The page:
tRNA splicing endonuclease subunit 2
The TSEN2 gene provides instructions for making one part (subunit) of an enzyme called the tRNA splicing endonuclease complex. This complex helps process several types of RNA molecules, which are chemical cousins of DNA.
The tRNA splicing endonuclease complex is particularly important for the normal processing of a form of RNA known as transfer RNA (tRNA). tRNA molecules help assemble protein building blocks called amino acids into full-length proteins. However, before they can assemble proteins, tRNAs must be processed into mature molecules. In particular, regions called introns need to be removed from some tRNAs for the molecules to be functional. The tRNA splicing endonuclease complex recognizes and then removes introns to help produce mature tRNA molecules.
Studies suggest that the tRNA splicing endonuclease complex may also be involved in processing another form of RNA known as messenger RNA (mRNA). mRNA serves as a genetic blueprint for making proteins. Researchers suspect that the tRNA splicing endonuclease complex cuts (cleaves) one end of mRNA molecules so a string of adenines (one of the building blocks of RNA) can be added. This process is known as polyadenylation, and the string of adenines is known as a poly(A) tail. The poly(A) tail signals the stopping point for protein production and protects mRNA from being broken down before protein production occurs.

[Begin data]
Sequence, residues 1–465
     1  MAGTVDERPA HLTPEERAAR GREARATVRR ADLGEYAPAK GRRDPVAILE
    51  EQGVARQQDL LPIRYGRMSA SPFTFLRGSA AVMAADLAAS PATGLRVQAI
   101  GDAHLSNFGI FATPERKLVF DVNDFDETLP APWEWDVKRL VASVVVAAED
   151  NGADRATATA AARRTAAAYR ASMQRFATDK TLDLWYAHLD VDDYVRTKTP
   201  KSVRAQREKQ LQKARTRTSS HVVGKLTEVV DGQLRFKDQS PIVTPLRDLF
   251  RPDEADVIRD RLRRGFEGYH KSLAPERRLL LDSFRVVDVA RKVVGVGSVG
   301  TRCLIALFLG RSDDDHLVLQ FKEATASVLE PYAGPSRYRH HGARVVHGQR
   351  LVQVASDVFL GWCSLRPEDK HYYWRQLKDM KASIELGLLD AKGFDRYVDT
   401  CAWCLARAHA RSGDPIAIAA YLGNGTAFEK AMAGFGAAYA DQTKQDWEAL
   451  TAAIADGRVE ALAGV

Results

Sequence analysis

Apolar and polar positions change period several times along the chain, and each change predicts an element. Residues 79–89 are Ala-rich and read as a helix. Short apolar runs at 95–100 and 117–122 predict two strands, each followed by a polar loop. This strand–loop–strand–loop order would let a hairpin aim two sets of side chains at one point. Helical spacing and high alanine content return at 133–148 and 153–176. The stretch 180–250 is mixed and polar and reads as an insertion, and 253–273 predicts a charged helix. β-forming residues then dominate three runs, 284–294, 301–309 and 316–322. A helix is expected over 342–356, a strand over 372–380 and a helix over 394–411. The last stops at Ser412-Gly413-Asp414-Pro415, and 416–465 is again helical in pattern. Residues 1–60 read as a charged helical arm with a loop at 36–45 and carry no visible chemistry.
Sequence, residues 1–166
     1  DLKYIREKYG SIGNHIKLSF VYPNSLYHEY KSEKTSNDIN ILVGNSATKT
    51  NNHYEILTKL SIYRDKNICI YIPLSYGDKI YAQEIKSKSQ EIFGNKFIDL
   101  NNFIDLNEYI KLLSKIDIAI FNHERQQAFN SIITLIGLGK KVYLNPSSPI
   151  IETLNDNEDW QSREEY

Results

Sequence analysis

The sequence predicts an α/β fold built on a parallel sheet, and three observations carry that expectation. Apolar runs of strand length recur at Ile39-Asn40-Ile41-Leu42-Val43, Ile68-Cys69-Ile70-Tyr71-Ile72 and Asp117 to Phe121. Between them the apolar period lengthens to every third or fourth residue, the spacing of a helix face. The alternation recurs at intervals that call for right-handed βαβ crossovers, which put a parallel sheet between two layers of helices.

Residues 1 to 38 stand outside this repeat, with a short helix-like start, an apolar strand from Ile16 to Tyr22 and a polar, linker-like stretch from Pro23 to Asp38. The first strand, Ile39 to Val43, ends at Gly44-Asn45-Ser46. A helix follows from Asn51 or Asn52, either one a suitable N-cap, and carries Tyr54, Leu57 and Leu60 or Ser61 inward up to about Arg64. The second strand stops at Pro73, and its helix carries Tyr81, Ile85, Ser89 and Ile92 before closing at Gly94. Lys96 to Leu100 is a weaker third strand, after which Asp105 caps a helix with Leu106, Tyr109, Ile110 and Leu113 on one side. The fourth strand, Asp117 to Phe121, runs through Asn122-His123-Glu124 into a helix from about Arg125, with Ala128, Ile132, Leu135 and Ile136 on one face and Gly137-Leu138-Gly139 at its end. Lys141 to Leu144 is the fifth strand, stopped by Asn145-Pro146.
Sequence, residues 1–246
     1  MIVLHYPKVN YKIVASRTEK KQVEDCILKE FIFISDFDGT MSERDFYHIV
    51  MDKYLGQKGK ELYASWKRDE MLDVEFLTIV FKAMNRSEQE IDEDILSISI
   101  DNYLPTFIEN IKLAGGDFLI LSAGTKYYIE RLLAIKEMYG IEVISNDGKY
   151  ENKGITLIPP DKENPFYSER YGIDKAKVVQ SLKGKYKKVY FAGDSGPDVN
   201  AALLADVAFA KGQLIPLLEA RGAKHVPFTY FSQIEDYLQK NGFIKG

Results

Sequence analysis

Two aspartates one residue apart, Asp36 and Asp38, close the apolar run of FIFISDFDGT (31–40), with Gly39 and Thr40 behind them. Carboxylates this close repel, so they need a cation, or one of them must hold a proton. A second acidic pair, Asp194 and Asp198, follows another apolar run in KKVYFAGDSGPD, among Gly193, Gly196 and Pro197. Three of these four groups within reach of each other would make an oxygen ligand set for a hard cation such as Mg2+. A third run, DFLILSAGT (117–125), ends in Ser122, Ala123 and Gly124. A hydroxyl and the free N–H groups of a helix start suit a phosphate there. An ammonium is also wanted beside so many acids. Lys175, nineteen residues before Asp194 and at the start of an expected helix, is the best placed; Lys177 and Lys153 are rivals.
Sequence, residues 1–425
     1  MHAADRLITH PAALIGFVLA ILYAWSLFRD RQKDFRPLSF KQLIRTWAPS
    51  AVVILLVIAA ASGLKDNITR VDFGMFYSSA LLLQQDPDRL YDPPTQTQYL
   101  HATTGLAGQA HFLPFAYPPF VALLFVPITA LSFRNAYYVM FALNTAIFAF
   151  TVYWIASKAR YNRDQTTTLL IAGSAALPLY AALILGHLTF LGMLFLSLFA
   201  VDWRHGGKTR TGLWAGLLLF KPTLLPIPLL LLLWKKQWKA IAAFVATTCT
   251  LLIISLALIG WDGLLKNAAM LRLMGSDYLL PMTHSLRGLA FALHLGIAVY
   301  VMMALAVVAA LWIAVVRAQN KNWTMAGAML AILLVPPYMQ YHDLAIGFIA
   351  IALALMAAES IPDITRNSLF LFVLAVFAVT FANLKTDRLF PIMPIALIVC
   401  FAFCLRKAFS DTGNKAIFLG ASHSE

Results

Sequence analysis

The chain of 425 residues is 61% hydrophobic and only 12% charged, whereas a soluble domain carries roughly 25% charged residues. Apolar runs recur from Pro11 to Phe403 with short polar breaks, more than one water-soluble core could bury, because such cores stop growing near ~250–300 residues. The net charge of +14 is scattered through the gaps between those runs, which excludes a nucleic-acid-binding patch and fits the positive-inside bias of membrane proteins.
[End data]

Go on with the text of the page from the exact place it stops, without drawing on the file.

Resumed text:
At least four mutations in the TSEN2 gene have been identified in people with a disorder of brain development called pontocerebellar hypoplasia. The major features of this condition include delayed development, problems with movement, and intellectual disability. TSEN2 gene mutations cause a small percentage of all cases of a form of the disorder designated pontocerebellar hypoplasia type 2 (PCH2). When PCH2 results from TSEN2 gene mutations, it is sometimes categorized more specifically as PCH2B.
The TSEN2 gene mutations that cause PCH2B impair the function of the tRNA splicing endonuclease complex, which likely disrupts the processing of RNA molecules and affects the production of many types of proteins. Before birth, these changes appear to have the most severe impact on fast-growing tissues, such as those in the brain. However, it is unknown exactly how reduced function of the tRNA splicing endonuclease complex leads to abnormal brain development in people with this condition.
tRNA splicing endonuclease 2 homolog (S. cerevisiae)
tRNA-intron nuclease 2